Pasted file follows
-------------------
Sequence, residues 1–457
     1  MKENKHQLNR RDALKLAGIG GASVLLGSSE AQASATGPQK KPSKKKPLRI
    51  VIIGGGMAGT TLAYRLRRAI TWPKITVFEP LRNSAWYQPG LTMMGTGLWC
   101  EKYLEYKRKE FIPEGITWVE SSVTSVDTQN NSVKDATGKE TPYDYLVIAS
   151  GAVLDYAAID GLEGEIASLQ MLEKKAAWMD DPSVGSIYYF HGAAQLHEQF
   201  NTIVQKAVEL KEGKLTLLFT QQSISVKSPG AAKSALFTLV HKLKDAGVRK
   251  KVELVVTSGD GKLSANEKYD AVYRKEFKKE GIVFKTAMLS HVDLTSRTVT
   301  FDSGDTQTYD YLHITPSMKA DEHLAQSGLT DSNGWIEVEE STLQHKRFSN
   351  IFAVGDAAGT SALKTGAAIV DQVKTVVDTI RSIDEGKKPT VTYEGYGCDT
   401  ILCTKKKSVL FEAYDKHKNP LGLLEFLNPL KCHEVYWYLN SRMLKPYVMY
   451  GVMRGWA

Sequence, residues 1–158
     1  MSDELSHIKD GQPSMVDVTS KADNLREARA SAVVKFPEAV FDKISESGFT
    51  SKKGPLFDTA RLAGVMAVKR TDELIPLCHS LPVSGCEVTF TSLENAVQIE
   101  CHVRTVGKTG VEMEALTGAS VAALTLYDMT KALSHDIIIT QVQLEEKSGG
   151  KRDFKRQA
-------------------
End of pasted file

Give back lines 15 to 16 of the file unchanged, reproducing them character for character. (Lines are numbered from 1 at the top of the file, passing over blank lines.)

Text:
   101  CHVRTVGKTG VEMEALTGAS VAALTLYDMT KALSHDIIIT QVQLEEKSGG
   151  KRDFKRQA